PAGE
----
These Giants Live: Cathedral Grove at the Heart of the Rainforest

Somewhere along a stand of douglar firs, balsam pines, and sitka spruce along the Alberni highway, the trees seem to rise a little taller, breath heavier, and completely dwarf everything in it’s vicinity. A literal sylvan cathedral of ancient cedars, tried and toughened by forest fire, the oldest survivors grew their first buds two and a half decades before Columbus even sailed here, eschewing age of 900 years+, the canopy overhead can not even be seen. Deep in the soggy rainforests of Vancouver Island, I found myself sitting with these elders, and feeling their tremendous humble power in my soul. In my own country, i’ve never been in true rainforest before, though I could not even relate these for brevity to the rainforests in Mexico, or Scotland, Cathedral Grove has it’s own persona. IMG_2731

Slow steps through the forest, with a heavy rucksack on my back, over root and stone, fern, and bone. Old men lie dead with hard tempered skin, and the hollows of fauna homes rest dankly on the black earth. Beard mosses drip with moisture from trees, and the branches of stickly evergreens build runestaves to the sky. The jungle of this place seems impenetrable, one can hide in the shade of jurassic flora, and crawl with the microlife beneath the shallow sight. An incense of purified mist, herbal infused air, and pungent but sweet soils fills the nostrils in quick drafts of euphoric awe. Each raw face of the millenial cedars gnarls its branches away into all directionals of the space around it. This is my rock of protection, these are my roots of exploration, to follow them, leads into the all of the forest. Back up into the hallways of allways, and the forest is forever in the vastness of the sky, and the deeps of the ground.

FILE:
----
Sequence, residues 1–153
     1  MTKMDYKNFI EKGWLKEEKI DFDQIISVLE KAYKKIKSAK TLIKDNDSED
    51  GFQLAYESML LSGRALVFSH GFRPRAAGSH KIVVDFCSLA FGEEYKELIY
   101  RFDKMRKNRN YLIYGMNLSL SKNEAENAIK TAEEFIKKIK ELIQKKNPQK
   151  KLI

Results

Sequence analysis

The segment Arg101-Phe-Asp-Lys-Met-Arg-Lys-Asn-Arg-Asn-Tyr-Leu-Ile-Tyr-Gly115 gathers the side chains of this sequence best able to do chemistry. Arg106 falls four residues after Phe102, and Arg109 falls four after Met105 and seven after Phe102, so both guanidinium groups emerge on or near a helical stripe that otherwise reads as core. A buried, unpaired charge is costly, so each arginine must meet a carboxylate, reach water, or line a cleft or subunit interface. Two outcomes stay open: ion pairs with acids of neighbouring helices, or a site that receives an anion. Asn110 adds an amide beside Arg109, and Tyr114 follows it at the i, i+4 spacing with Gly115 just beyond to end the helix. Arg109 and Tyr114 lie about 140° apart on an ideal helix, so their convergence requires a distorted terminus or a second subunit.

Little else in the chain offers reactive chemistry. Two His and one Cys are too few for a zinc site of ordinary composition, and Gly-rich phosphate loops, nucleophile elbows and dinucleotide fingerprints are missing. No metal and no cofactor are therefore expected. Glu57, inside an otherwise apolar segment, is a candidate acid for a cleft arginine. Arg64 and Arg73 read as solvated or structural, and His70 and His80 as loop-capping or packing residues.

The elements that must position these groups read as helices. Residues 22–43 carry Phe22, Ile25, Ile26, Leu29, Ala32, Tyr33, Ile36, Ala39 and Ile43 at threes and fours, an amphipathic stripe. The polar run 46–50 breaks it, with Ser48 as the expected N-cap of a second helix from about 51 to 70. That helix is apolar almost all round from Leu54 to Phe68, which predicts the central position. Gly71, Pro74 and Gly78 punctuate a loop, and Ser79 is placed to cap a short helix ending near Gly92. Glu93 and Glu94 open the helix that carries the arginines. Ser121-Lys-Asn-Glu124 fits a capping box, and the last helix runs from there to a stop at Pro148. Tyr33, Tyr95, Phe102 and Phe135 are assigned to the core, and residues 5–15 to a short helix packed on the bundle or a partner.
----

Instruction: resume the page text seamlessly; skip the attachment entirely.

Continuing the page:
Wild waters tumbled over small smooth turned pebbles, and I drank deep draughts of the forest mead, and ate the squirrels forage on an old stump. As twilight cloaked the air with a familiar smell of petrychor, the last humans left their echoes of footfalls, and I went further down the rabbit hole into the dark shelters of the trail, seeking a bed. I found a hollow giant, blackened on the inside from the thunder bolt hallowing, with a partition of curved trunk missing from the side. Here it was finally submitted to gravity, and filled with detritus from the layers of the woods above. Brushing out the leaves and sticks, a perfect shallow was left for me to lay down my bones, sleeping bag and all, with cover from the rain, and privacy in the night. I spent the nocturnal hours in a deep slumber, inside the hollow trunk, in a feral healing session. With the Mjolnir hammer hanging above me, and heathen prayers spoken for protection from any jotun forces, and falling widowmakers. The sunwheel of morning aroused me out of rest, into a light gloom, and with my traveling scandinavian partner, we hobbled out of the forest the way we came, myself in revered silence, and her in frithful folk song. Colors of the wind. I thought about it all, and remembered, that Giants do live on earth.

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